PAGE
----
A Meath West TD has accused the government of negligence in their duty of care for patients’ health and their data, claiming that the Cyber Security Centre had a budget last year of just €5 million, compared to €16.9 million spent on PR by the Dept of the Taoiseach last year.
Peadar Tóibín, who is also leader of Aontú, says that the “record of the government to date with regards protection from cyber-attack is shockingly poor.”
“According to an answer to a PQ that I received just last week Tusla had over 362 data breaches last year. One for nearly every day of the year. Incredibly, for a data island, the National Cyber Security Centre (NCSC), has been rudderless without a Director for a year. The NCSC is also homeless and does not even have a permanent premise from which to operate. So important does the government see the role of director of the NCSC that the government sets the wage of a backbench opposition TD higher”.
In Leaders’ Questions this week in the Dáil, Deputy Tóibín said: “The recent Cyber-attack on the HSE and the Department of Health are monstrous crimes. They are attacks on the most vulnerable within Irish society. Patients are already struggling with never-ending waiting lists, worsened by Covid and ongoing restrictions. But shockingly, on top of this, key life and death treatment is again put on hold due this odious criminal action.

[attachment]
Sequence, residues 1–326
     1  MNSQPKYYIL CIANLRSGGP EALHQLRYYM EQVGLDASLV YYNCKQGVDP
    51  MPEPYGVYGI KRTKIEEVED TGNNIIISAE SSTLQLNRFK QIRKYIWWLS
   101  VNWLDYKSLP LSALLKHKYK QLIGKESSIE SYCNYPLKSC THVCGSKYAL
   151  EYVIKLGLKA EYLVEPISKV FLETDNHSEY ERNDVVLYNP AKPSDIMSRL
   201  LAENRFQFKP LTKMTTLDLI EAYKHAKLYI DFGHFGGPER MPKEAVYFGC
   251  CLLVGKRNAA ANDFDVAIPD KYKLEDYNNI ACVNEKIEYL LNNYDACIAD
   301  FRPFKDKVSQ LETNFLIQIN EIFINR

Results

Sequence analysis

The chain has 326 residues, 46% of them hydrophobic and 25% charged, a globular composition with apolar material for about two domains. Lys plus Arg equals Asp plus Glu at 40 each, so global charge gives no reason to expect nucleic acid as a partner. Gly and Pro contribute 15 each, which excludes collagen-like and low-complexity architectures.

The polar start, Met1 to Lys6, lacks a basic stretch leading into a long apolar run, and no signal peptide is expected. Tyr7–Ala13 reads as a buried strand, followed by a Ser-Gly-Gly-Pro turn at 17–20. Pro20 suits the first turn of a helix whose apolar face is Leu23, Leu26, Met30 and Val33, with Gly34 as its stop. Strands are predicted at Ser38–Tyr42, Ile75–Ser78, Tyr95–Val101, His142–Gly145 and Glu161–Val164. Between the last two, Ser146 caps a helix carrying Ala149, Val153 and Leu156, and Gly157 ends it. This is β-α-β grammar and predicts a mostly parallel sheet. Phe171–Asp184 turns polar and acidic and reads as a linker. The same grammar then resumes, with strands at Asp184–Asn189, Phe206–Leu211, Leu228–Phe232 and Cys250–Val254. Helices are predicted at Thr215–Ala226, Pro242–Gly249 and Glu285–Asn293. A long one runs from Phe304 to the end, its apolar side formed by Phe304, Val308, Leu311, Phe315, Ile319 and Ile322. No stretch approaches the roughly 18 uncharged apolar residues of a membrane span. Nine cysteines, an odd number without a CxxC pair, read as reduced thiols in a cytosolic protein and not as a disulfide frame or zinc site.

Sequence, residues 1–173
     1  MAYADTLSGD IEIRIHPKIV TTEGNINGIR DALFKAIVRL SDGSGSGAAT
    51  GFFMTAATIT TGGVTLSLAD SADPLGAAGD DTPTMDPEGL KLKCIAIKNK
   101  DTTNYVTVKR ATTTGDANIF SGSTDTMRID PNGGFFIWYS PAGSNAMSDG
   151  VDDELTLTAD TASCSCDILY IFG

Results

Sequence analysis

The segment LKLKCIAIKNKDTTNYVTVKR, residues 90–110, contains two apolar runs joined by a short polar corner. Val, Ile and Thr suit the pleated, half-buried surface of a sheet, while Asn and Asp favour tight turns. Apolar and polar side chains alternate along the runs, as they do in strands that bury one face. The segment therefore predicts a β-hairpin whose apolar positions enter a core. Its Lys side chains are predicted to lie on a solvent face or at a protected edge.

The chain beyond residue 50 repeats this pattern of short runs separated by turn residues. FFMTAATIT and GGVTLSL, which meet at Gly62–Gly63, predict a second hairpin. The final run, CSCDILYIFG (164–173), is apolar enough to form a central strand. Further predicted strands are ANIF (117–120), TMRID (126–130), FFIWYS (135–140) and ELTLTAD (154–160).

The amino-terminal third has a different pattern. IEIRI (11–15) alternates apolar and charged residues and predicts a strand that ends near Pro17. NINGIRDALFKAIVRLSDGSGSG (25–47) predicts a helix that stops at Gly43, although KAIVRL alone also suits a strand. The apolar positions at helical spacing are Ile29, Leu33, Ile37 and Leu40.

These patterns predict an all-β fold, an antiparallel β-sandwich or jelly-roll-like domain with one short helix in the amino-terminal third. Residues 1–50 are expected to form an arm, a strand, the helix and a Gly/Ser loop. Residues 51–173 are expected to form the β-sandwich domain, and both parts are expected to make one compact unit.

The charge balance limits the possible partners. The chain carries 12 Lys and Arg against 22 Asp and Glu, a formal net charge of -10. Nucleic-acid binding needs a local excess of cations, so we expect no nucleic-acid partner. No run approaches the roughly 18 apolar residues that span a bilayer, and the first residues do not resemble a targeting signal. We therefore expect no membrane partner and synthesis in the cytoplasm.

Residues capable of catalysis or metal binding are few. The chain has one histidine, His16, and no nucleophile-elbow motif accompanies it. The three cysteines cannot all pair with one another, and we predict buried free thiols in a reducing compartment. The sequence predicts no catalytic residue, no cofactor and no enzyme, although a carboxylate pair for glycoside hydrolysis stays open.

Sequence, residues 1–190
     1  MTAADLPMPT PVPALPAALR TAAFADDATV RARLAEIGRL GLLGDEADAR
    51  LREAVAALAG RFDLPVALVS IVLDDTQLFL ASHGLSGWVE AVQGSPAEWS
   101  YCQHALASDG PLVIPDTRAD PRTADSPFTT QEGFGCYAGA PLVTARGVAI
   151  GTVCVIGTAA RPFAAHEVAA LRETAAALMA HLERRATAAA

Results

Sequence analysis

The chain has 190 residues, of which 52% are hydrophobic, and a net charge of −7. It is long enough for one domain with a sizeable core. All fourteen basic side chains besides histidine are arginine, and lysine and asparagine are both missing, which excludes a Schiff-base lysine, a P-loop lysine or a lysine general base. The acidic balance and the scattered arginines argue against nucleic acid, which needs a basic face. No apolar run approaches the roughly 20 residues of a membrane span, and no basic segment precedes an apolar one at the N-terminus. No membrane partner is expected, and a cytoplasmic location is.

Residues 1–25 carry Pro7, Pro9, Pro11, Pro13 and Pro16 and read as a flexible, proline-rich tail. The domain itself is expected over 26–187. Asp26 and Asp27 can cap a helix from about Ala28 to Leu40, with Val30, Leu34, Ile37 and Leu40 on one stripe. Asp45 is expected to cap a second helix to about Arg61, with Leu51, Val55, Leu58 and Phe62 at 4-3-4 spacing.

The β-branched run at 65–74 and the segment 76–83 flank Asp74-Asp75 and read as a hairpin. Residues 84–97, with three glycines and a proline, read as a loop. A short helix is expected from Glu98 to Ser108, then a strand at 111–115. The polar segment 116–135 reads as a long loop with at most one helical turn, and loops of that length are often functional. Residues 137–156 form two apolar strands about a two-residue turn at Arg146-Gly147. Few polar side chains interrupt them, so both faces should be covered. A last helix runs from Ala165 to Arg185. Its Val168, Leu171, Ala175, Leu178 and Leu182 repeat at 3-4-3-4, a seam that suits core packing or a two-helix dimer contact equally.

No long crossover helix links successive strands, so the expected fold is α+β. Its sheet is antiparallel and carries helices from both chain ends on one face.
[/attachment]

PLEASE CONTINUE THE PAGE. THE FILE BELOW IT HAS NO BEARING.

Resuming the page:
“The government has a duty of care with regards to safeguarding and protecting citizens’ health care and their personal data. This responsibility is particularly important as Ireland is a Data island. 30% of the EU’s data is held in Ireland. If there is a location to go to mine data, well Ireland is it”.
He asserted that the former Chief Executive of the HSE, Tony O’Brien, stated this week that the HSE’s expenditure on IT security was ‘about a quarter of what you would expect compared with other health systems”
“The NCSC was given a budget last year of just €5 million. Compare that to the €16.9 million spent on PR by the just the Dept of the Taoiseach last year,” Deputy Tóibín told the Dáíl.
“After the British NHS suffered a similar attack in 2017 it cost the British government £95 million directly but they also had to spend £210 million strengthening their Cyber-Security in the three years subsequent. When will patient treatment return, How much will this cost in terms of citizen’s life, health and taxpayers funds?” he asked.